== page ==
The Current Expected Credit Loss (CECL) accounting standard, which was issued by the Financial Accounting Standards Board (FASB), provides for more timely recognition of credit losses. One of the key aspects of CECL is to select the right methodology to estimate the Expected Credit Losses (ECL) so that institutions can cover these losses by holding the right allowance.

Each CECL method gives us a different result. Banks and other institutions can optimize by checking which method will give them the lowest CECL result and then choose an appropriate one. This will give them maximum capital to channel into the markets, as consequently, they will need to hold the least amount of cash as risk capital. The lowest CECL estimate is also called Absolute Cost.

The challenge, when it comes to this approach, is the possibility that the next CECL estimate could be much higher. This will pose a liquidity problem for banks that do not have these kinds of reserves and would therefore need to make up for it by selling assets. Some banks may tackle this liquidity problem by creating an extra buffer of reserves over and above the capital CECL asks them to hold.

Risk appetite management

While institutions might find it appealing to opt for methods that give the lowest CECL estimates, they will have to manage the corresponding risks by building a capital buffer. The size and scale of the buffer an institution creates around its CECL reserves would indicate its risk appetite. A zero buffer would mean a higher risk appetite where a bank may decide to deal with liquidity issues when it confronts them. A huge buffer would mean that the bank is averse to taking risks and wants to cover for any surprises that may arise.

Another way that an institution might choose to manage its risk appetite would be to calculate CECL using the current scenario and then calculate it for an extreme scenario (where factors like unemployment, housing, and gross domestic product are amplified). This will help them understand which method’s results move the most and which ones move the least. Consequently, it indicates which methods are most sensitive to market movements and which ones are least affected. Banks can then pick methods, which do not cause drastic changes in CECL numbers and therefore manage their liquidity flows better.

Volatility of CECL results

As discussed above, certain CECL methods can produce more volatile results than others. Institutions that are looking to reign in this volatility might advise their Board of Governors on which method to choose to stay within their buffer limits. But if the board decides that they want to save as much capital as they can and channel it back into the markets, they might optimize and choose the method with the lowest result. The risk-averse nature of the board would ultimately decide how they deal with CECL volatility.

Institutions will realize that the way they manage their buffers is nothing but best practices when it comes to liquidity management and also optimization against the volatility of results. CECL has introduced a much-needed and improved measure of liquidity management on how banks function. Despite being an accounting standard that counts losses, CECL also has a predictive risk management aspect to it that has an impact on liquidity.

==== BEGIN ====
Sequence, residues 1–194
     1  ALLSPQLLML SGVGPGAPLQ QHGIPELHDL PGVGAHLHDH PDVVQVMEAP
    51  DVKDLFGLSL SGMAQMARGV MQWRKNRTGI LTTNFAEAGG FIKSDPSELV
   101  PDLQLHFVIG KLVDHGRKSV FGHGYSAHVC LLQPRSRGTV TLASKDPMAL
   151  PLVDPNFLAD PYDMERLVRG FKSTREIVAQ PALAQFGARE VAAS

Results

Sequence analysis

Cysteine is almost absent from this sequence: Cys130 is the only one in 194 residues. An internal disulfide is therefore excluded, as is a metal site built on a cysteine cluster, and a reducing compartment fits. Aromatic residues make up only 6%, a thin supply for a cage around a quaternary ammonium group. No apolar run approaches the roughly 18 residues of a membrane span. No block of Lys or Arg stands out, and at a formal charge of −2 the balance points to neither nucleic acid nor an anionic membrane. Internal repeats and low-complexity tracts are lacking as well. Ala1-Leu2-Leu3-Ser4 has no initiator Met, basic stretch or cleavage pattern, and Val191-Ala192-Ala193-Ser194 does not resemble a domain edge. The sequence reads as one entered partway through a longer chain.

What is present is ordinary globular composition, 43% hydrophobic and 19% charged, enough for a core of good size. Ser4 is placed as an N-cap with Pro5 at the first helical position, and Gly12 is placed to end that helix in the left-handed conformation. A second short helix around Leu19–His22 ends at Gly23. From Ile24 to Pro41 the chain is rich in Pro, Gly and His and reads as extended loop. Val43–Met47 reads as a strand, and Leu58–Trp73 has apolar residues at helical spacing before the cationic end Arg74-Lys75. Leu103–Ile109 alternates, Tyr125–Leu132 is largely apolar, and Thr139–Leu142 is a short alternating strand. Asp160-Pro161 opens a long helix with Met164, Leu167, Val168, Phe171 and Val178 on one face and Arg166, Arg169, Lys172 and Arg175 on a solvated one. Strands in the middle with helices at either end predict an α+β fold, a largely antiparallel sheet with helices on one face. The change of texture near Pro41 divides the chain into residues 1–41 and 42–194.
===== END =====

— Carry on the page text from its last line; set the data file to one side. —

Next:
One of the reasons banks have got a couple of years to prepare for CECL is to familiarize themselves with the predictive methods and be ready for the liquidity implications by maintaining relevant provisions. It needs to be understood that under CECL, even if there are no historical losses, you would still make provisions for expected losses based on averages derived under the standard.

CECL, risk management, and return on investment

Most regulations, such as CECL, require more capital to be held in reserve to account for predictive losses. This means less capital for banks to put into the market and, thereby, significantly lower returns. The 2008 financial crisis ensured that appropriate regulations such as CECL were put into place so banks would have sufficient capital to deal with any market shocks. Measures were put into place to ensure that institutions managed their risks while making decent profits and staying in business. This financial safety net saw to it that it was that much more difficult for banks to fail and for depositors to lose all their savings. CECL regulators had the unenviable task of ensuring that the public was protected while allowing cash to flow through the economy. Under CECL, smaller banks faced a tremendous challenge when it came to maintaining reserves and managing day-to-day operations.

In the longer term, CECL ensures that banks maintain a good grip on their liquidity management through sound risk appetite practices. This development should potentially lead us to a robust banking system and an economy that works for all.

CECL Express can help…

CECL Express is a turnkey solution that fully satisfies all elements of the new CECL accounting standard. The system provides all non-loan data, including:

  • Yield curves and Fed data
  • Linked reports on losses from the FFIEC and NCUA
  • PD and LGD curves
  • Macroeconomic data

Banks and credit unions need to only provide the underlying loan details for the system to provide fully auditable ECL results for multiple calculation methods, including:

  • Vintage
  • Roll Rate
  • Discounted Cashflow
  • WARM
  • PD/LGD

CECL Express provides more than valid ECL results. The system computes results for all methods and all loan pools, allowing the bank to optimize its CECL configuration and avoid the worst impacts of the new standard.

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